In 2018, the current dispensation changed the names of Allahabad (in Prayagraj), Mughalsarai (in Pandit Deen Dayal Upadhyay Nagar) and Faizabad (in Ayodhya). How these newly-christened cities fared during the second wave of COVID-19 this summer can be guessed. This becomes an important question because obviously a name change does not bring prosperity, as the average person is made to feel.
For a poorly administered state like the UP, the regime fears facing the voter. The name change thus becomes a tool of manipulation, distraction and deception. “Hari” replacing “Ali” is not going to change the number of infants who have died in Aligarh district.
A 2016-17 annual report released by UPNRHM indicated that the district has an infant mortality rate of 70 per 1,000 live births (it is 33.01 per 1,000 live births for Ethiopia, which has not changed. name and is 38.6 per 1,000 live births for Eswatini, formerly known as Swaziland). With an upcoming election and mismanagement of the state, Aligarh turning into Harigarh is the easiest way to cheat voters. Nothing sells better than fanaticism in the new India.
Overall, in 2016, the latest year of data available, the infant mortality rate in Uttar Pradesh was around 43 deaths per 1,000 live births. UP is one of the states with the highest burden of neonatal mortality, with 30 neonatal deaths per 1,000 live births. (India’s neonatal mortality rate is 23 per 1,000 live births.)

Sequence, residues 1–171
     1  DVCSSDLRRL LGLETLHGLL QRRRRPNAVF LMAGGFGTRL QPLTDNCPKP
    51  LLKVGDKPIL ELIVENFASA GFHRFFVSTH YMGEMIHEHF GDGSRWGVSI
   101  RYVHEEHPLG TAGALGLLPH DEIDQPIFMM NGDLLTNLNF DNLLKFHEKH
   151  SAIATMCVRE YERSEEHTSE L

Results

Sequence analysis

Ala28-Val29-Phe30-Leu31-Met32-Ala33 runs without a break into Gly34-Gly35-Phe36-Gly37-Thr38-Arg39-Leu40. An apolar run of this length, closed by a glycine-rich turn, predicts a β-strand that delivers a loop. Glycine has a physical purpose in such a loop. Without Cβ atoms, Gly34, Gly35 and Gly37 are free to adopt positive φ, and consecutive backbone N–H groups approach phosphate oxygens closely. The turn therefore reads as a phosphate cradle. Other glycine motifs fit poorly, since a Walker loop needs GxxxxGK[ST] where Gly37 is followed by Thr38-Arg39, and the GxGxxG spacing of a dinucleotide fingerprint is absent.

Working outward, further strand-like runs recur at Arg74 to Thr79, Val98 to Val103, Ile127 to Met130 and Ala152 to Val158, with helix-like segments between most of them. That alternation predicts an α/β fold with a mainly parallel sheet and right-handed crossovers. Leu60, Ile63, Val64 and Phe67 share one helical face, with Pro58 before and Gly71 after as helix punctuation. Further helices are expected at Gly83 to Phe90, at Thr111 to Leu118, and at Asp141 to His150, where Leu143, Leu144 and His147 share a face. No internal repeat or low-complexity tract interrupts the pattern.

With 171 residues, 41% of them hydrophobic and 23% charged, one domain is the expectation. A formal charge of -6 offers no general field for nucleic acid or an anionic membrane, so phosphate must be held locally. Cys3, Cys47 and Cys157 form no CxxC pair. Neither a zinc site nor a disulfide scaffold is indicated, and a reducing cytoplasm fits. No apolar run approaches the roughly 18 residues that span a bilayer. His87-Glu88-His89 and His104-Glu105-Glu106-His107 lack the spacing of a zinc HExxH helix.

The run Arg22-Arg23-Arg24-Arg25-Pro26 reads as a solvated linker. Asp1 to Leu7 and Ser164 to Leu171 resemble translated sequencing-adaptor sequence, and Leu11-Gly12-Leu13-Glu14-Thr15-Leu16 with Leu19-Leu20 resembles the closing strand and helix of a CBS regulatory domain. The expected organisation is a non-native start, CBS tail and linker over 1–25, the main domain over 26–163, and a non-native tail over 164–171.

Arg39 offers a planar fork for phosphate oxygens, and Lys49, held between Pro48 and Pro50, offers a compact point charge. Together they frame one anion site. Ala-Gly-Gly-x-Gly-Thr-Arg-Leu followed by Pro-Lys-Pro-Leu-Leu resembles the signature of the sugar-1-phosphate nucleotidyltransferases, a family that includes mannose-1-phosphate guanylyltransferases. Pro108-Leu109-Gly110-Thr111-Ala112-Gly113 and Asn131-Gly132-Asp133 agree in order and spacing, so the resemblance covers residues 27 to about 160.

According to a UNICEF report released in January 2020, UP has the highest number of estimated newborn deaths in India due to the high neonatal mortality rate and the large cohort of births that occur each year in the state.
I’m pretty sure even the most nationalistic friend of mine wouldn’t know about the Uttar Pradesh state flower. He is Palash (also called Tesu) or the Flame of the Forest. The flower is known for its beauty when it blooms. Surprisingly, the flowers are odorless. In folklore it is said that some people are like the Palash – physically attractive but not smart.
It seems that the current UP regime and its political actors have taken the flower of the state seriously. But it would be naive to believe that they are not using their brains in this game of re-baptizing cities and neighborhoods. They are armed with hate. Their hideous plans are a disease of the mind.
In Boris Vian’s book Foam on reverie, a young bride develops a rare and strange disease that can only be cured by surrounding her in flowers. I wish we could surround the current UP regime with flowers of Palash and hope their minds can think, see, and plan with clarity and honesty.
Professor Shah Alam Khan teaches in the Department of Orthopedics, AIIMS, New Delhi. The opinions expressed are personal.